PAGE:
THE ETERNAL SEA
“The sea,” The Sage tells me too often, “gets into your blood.”
He may well have a point. Actually I read somewhere a long time ago that in some respects sea water and blood are much the same. But times have changed since The Sage sailed. We don’t sail these days. Hell, it’s getting so we don’t even steam any more; the world’s gone turbine.
As for the sea itself, most folks just fly over it—a glittering great greeny petty wet annoyance thousands of feet below on the way to somewhere else. “Why not,” I was once asked during an attack of nautical nostalgia for the sea (a recognised syndrome known as ‘sea fever’) “go on a cruise?” Momentarily I was almost overwhelmed by an urge to tear arms and legs off and stuff them u— to be perfectly honest I’d much rather have a cactus enema.
CRUISE? I LOOK FOR SIMILES
and find none. I’m reminded of the heyday of those prepackaged coach holidays, large buses stuffed with tourists identically dressed in the garish ‘free’ shirts and caps: “If today’s Thursday then this is Greece” … no, thanks.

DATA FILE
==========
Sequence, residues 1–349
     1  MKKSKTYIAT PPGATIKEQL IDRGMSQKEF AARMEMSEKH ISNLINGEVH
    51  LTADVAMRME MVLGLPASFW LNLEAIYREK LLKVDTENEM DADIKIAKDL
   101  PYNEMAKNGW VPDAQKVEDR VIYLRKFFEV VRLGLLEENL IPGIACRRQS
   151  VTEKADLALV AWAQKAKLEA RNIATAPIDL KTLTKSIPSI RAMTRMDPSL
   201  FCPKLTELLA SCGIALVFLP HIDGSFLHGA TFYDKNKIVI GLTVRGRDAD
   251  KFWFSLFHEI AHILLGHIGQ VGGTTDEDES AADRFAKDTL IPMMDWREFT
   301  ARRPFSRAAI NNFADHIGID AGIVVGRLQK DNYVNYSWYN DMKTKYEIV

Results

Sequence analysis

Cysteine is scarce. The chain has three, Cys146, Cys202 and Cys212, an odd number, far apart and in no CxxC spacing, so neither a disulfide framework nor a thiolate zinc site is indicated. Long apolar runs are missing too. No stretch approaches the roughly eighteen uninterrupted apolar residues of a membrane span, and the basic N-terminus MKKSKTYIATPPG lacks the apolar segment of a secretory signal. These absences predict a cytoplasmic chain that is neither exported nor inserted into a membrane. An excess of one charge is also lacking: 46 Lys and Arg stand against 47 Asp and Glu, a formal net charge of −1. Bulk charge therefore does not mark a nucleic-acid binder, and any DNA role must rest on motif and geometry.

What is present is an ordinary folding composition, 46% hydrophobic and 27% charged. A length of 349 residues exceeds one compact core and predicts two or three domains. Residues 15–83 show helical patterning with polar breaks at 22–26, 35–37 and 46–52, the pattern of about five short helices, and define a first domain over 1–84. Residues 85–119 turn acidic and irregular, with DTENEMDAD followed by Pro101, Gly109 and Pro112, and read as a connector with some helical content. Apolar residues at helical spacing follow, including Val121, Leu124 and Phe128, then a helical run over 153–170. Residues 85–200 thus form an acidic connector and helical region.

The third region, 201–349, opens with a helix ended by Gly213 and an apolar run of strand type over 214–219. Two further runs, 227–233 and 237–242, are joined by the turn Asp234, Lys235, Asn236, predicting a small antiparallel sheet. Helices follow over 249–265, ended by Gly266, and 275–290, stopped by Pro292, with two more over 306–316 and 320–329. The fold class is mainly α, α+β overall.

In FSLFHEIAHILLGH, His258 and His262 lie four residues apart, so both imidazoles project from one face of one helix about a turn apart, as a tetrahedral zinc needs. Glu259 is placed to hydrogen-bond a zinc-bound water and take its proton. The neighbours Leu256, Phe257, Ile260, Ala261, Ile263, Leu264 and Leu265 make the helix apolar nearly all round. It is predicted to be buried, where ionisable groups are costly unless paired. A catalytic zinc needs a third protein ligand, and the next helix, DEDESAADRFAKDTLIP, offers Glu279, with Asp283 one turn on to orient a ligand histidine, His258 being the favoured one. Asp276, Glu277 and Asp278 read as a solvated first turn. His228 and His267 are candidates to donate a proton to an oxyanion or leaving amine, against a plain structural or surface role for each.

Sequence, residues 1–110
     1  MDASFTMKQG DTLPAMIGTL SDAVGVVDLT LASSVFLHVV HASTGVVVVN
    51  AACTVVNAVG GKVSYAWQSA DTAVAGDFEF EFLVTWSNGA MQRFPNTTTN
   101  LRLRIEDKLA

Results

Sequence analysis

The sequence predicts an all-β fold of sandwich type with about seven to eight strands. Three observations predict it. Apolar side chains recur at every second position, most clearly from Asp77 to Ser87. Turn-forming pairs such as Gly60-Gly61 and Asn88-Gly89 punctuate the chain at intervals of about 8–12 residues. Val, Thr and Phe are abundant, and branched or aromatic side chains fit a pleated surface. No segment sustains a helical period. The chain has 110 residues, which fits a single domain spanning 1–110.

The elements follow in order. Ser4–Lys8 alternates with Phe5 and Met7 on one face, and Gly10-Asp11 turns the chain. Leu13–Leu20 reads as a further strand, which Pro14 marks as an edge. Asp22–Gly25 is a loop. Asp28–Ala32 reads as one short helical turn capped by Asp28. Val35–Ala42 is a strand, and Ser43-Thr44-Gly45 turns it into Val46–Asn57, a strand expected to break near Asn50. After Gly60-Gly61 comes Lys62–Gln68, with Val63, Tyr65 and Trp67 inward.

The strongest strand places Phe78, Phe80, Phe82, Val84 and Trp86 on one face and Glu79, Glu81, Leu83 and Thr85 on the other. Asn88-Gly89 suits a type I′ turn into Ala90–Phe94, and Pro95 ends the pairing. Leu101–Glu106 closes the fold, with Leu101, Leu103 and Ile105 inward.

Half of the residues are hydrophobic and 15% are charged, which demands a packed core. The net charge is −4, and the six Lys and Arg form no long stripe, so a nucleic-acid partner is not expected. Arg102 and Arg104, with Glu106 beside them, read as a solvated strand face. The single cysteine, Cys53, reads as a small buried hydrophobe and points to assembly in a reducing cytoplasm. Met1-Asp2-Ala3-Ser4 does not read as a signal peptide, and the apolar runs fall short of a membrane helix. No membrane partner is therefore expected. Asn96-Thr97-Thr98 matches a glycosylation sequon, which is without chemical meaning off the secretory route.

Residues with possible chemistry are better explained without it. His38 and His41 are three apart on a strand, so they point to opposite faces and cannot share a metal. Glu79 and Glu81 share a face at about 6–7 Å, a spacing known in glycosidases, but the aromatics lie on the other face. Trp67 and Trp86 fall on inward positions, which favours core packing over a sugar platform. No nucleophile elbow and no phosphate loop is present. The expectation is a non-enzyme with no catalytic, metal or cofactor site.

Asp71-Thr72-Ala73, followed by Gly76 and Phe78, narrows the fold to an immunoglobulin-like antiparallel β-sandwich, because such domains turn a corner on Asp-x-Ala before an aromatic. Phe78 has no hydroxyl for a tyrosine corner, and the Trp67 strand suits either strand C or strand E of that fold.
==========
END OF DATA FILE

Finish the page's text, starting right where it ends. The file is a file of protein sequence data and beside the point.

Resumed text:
I must go down to the sea again, to the
lonely sea and the sky,
And all I ask is a tall ship and a star to steer
And the wheel’s kick and the wind’s song and
the white sail’s shaking,
And a grey mist on the sea’s face, and a grey
I must go down to the seas again, for the call
of the running tide
Is a wild call and a clear call that may not be
And all I ask is a windy day with the white
And the flung spray and the blown spume, and
the sea-gulls crying.
I must go down to the seas again, to the
vagrant gypsy life,
To the gull’s way and the whale’s way, where
the wind’s like a whetted knife;
And all I ask is a merry yarn from a laughing
And quiet sleep and a sweet dream when the
long trick’s over.
As for cruise ‘ships’~? Yuk. Make that two cactuses … a powered floating hotel/casino, self-propelled fornicatorium with blue-rinsed dowager carnivores on the hunt and endless ‘free’ buffets—any resemblance to sea-time on one of those things is by association only.
And so it should be.
The sea is a possessive bitch with finite patience and a very long reach—she doesn’t suffer fools gladly. You turn your back on her entirely at your own risk; but meet her head on and she’ll take you in her arms in a manner few mere mortals would ever understand.
Masefield understood—he’d been there and it shows.